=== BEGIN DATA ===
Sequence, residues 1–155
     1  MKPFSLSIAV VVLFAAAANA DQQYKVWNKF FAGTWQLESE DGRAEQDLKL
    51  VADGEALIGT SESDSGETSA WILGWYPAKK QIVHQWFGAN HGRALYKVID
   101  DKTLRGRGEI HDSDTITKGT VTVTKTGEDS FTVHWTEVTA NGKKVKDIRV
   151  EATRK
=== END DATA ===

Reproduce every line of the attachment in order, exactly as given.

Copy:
Sequence, residues 1–155
     1  MKPFSLSIAV VVLFAAAANA DQQYKVWNKF FAGTWQLESE DGRAEQDLKL
    51  VADGEALIGT SESDSGETSA WILGWYPAKK QIVHQWFGAN HGRALYKVID
   101  DKTLRGRGEI HDSDTITKGT VTVTKTGEDS FTVHWTEVTA NGKKVKDIRV
   151  EATRK